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Neutral Swiss and Austrians join Europe’s Sky Shield defence

Switzerland and Austria have signed a declaration of intent to join the European air defence system Sky Shield.

The system was initiated by Germany following Russia’s invasion of Ukraine, and is designed to allow European countries to buy defence systems together, and train together.

It’s being viewed as a historic moment for neutral Switzerland.

But some Swiss fear the move compromises their country’s long standing neutrality.

Joining a Europe wide defence system would have been unthinkable just a few years ago, but Russia’s invasion of Ukraine has focused minds.

The continent is unstable, and for many European countries an upgrade of air defences has become inevitable. The Swiss government says working with European neighbours on a common system makes both strategic and financial sense.

Austria is also a neutral country, and the government in Vienna argues that by pooling military resources it is able to maintain that status.

This is not the first dent in Switzerland’s traditionally strict neutrality.

As part of Nato’s partnership for peace it has had a peacekeeping battalion in Kosovo for two decades. And, to Moscow’s anger, it has joined EU sanctions against Russia.

Nineteen countries have now signed up for the Sky Shield initiative, including the UK, the Nordic and Baltic countries, Hungary, Romania and Bulgaria.

But some right-wing Swiss politicians fear Sky Shield is a compromise too far.

If an attack heading for one of its Sky Shield neighbours flew over Switzerland, for example, would the Swiss shoot it down, even if it wasn’t involved in the conflict?

In signing an agreement to join the initiative, Switzerland and Austria have stressed their neutrality remains unchanged, but that hypothetical question hasn’t really been answered. Probably they are hoping such a situation would never arise.

Graphic showing different defence shield systems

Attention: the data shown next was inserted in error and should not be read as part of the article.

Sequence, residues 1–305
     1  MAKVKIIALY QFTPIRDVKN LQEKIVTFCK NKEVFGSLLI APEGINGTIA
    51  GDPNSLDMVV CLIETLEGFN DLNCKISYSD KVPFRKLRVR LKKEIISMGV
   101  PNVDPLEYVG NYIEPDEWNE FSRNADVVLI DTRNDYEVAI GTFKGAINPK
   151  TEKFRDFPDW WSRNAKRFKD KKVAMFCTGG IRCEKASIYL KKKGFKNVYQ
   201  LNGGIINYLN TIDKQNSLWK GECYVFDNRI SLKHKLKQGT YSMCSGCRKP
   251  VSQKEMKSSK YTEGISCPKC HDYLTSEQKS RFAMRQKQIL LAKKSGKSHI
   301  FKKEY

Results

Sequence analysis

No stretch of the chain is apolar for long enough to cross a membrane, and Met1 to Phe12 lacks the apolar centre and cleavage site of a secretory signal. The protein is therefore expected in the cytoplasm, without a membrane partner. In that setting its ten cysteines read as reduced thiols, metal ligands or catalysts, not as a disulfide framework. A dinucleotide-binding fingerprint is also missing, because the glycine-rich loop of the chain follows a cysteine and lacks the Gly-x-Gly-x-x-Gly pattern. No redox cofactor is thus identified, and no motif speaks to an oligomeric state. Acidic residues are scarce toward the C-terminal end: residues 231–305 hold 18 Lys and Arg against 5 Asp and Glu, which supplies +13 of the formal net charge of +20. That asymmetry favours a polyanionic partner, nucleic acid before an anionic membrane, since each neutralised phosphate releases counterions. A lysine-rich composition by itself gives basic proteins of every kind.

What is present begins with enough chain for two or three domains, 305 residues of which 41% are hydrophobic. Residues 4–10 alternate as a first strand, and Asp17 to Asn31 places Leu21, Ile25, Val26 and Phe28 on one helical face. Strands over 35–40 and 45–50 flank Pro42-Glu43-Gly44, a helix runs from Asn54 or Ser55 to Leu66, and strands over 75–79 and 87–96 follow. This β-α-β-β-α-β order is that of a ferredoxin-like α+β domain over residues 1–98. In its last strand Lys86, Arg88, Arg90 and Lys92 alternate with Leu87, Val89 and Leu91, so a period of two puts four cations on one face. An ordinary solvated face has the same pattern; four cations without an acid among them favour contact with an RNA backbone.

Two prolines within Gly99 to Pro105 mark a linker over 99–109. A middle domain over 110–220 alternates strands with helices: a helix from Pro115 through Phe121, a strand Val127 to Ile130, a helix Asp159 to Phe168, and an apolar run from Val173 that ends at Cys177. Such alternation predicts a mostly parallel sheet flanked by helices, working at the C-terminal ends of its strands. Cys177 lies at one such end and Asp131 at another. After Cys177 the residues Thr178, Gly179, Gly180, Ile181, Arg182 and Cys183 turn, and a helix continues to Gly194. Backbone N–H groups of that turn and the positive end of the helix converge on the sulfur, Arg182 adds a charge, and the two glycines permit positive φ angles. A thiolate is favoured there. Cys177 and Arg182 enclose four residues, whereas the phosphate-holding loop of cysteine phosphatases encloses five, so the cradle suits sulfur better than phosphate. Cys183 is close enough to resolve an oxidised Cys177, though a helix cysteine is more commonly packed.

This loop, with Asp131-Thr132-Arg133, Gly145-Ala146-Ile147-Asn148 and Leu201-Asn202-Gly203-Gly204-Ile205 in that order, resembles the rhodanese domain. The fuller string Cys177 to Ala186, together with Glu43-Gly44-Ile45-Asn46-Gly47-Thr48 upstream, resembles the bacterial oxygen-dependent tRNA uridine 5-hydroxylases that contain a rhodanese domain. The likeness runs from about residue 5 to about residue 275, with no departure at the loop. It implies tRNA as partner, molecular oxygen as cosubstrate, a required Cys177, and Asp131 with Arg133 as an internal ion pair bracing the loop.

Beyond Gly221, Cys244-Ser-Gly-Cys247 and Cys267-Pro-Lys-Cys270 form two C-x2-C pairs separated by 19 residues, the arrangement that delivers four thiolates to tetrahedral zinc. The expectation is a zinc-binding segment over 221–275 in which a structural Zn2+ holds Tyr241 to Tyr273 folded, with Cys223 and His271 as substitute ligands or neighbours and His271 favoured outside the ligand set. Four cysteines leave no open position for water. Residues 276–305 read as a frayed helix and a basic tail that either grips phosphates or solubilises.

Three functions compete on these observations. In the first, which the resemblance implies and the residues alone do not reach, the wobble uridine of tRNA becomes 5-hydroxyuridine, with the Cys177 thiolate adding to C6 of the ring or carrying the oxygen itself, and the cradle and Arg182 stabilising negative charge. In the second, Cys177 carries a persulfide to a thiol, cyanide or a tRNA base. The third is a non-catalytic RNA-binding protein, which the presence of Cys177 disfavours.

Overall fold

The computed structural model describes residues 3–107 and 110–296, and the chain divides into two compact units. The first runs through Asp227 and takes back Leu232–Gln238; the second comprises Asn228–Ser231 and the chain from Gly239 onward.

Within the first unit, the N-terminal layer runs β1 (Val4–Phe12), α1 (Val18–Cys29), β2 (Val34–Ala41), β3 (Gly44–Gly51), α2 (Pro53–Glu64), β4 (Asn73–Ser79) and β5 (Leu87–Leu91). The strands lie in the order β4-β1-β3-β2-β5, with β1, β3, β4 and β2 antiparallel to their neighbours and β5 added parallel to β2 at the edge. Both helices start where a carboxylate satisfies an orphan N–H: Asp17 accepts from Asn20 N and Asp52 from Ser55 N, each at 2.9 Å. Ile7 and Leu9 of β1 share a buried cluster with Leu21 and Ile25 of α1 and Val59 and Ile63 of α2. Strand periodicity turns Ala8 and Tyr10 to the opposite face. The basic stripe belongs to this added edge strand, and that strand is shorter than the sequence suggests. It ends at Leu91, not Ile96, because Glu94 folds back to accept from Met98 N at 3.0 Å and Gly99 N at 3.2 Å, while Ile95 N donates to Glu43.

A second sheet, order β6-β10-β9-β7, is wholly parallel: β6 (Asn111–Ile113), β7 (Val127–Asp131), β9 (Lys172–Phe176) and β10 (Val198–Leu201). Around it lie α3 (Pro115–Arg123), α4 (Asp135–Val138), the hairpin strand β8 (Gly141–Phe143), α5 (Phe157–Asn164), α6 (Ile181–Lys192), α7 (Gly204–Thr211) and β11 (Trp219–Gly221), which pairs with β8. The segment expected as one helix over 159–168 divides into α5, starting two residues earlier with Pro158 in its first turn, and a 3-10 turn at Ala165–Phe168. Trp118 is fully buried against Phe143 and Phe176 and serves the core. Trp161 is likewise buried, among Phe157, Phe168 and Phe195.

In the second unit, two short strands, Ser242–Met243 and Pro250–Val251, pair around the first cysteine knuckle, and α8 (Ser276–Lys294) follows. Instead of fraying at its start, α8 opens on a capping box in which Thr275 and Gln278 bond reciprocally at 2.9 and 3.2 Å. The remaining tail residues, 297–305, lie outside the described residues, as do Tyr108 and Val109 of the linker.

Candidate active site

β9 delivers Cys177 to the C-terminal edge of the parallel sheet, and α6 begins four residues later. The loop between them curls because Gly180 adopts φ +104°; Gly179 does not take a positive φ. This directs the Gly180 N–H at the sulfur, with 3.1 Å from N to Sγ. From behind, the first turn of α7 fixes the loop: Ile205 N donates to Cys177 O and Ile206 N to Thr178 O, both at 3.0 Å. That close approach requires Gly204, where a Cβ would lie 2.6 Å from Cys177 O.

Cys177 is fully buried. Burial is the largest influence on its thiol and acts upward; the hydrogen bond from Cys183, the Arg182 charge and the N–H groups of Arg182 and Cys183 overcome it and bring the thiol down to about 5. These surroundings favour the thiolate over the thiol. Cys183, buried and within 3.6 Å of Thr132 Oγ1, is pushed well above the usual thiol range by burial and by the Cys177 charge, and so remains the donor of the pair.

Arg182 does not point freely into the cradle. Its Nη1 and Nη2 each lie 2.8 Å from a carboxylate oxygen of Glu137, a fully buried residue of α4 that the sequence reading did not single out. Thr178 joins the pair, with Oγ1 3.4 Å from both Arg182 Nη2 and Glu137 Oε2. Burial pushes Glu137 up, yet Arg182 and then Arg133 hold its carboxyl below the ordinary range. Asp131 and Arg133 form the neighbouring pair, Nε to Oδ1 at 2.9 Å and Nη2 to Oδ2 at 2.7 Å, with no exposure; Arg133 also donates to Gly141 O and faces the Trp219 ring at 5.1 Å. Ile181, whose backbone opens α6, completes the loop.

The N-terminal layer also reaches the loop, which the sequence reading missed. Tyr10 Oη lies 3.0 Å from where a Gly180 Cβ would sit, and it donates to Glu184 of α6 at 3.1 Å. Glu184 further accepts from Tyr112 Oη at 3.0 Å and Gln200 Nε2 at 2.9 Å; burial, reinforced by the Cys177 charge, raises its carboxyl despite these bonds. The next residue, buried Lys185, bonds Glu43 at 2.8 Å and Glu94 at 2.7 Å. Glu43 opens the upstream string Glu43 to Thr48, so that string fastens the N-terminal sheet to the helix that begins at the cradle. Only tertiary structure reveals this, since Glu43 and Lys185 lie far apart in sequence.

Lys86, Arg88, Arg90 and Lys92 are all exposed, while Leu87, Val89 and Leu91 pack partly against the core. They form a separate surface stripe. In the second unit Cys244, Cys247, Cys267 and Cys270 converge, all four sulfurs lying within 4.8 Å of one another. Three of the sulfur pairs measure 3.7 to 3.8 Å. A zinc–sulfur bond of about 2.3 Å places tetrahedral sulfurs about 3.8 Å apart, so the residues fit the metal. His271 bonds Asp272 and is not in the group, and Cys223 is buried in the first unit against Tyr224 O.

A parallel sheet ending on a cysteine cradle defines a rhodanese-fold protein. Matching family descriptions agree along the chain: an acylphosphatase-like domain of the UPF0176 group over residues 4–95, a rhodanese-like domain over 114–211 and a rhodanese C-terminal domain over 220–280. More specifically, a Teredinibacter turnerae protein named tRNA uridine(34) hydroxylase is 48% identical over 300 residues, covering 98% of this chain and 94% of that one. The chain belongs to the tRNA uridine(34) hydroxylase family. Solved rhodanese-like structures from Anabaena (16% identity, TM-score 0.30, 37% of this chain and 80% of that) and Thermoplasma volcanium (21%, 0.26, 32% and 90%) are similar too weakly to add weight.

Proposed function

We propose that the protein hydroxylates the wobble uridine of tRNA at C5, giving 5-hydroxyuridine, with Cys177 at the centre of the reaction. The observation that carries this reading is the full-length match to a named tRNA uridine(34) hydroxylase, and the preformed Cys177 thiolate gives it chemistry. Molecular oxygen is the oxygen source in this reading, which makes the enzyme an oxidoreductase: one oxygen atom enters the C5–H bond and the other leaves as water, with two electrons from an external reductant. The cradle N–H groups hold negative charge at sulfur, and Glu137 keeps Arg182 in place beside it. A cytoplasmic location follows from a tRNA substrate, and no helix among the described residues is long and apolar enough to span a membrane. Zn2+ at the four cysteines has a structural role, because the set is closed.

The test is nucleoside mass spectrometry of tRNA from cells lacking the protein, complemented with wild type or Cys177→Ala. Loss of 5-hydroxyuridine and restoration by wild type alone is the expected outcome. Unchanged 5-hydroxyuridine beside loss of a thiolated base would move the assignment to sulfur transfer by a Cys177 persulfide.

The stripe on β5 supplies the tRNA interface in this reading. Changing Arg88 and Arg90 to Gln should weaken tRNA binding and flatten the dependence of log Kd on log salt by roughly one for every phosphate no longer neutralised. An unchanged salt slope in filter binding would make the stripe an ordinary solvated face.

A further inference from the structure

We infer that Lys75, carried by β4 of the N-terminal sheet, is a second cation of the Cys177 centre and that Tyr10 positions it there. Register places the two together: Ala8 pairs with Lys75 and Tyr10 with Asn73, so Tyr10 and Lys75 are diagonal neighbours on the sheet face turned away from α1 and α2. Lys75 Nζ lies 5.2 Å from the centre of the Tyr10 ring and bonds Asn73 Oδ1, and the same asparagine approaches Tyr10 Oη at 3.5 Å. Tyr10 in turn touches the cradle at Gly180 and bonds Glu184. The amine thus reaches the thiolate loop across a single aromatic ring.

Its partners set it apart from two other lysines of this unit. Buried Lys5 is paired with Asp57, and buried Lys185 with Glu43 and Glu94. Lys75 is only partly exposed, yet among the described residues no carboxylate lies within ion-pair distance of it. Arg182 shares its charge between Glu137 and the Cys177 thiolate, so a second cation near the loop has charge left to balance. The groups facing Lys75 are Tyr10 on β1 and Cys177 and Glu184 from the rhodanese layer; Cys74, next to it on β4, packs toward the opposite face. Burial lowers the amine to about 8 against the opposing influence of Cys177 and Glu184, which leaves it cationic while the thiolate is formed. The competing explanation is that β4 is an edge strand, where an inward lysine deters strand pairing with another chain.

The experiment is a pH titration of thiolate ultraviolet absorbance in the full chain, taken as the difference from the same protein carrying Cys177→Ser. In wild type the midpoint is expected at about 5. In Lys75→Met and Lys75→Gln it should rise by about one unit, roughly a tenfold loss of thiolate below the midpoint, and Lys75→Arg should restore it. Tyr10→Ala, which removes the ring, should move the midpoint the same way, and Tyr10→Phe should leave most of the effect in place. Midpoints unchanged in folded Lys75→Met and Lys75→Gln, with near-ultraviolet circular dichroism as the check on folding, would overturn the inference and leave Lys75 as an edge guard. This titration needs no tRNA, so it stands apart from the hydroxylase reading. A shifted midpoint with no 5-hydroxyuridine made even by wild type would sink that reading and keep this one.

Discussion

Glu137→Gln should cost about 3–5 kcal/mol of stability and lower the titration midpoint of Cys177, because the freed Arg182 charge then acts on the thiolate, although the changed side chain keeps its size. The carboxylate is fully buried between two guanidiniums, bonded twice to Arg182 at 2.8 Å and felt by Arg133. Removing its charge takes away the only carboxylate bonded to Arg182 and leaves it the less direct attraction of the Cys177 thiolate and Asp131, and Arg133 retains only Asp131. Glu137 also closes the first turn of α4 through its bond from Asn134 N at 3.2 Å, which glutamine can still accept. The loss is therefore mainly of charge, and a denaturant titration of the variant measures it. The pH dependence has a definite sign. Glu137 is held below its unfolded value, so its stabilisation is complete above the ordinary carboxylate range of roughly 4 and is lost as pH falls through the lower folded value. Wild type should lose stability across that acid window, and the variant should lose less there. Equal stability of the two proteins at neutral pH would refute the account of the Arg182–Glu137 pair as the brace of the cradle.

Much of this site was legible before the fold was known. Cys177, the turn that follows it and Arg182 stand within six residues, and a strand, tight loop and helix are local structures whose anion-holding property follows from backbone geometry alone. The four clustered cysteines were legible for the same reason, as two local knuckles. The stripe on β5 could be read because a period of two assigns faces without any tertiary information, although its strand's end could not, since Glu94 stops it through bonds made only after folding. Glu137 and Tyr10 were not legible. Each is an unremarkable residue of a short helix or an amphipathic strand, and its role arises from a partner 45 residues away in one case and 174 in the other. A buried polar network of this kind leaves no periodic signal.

But the debate over sanctions, and now over Sky Shield, is just part of a wider Swiss soul-searching over neutrality.

Its historic origins dating back to the 19th Century have become obscured by the myth. At the time, Switzerland was sandwiched between much bigger, often warring powers, and it suited them to have a neutral buffer in between.

During World War Two, the Swiss defended their borders, but carefully stayed out of the conflict by making compromises with both Allied and Axis powers. Their population, and their cities, emerged virtually unscathed – which contributed to Switzerland’s economic success today.

But now Switzerland is a member of the United Nations, and the UN has said Russia’s invasion is a violation of the UN Charter.

Last month the Swiss parliament voted against a proposal to allow Swiss-made weapons and ammunition to be sent to Ukraine.

The decision is out of step with Switzerland’s neighbours and some here have become frustrated by what they see as an outdated construct of neutrality.

Ukrainian President Volodymyr Zelensky made a direct appeal to Swiss MPs, saying his country needed Swiss weapons to restore peace.

Switzerland has Leopard tanks languishing unused at home when they could be deployed in Ukraine.

Negotiations are continuing in parliament over how to find a way to adapt the laws on weapons exports, to allow support for Ukraine.

“Traditional neutrality is not sustainable, it’s not morally acceptable in my view,” Social Democrat MP Jon Pult told me earlier this year.

“If Swiss neutrality means we’re somehow the advocates of international law and of the UN charter then I’m ok with neutrality, because then Switzerland can be a power of peace and freedom and rules-based world order.”

But the far-right Swiss People’s Party has condemned the signing as pushing the country into the arms of Nato.

Source: BBC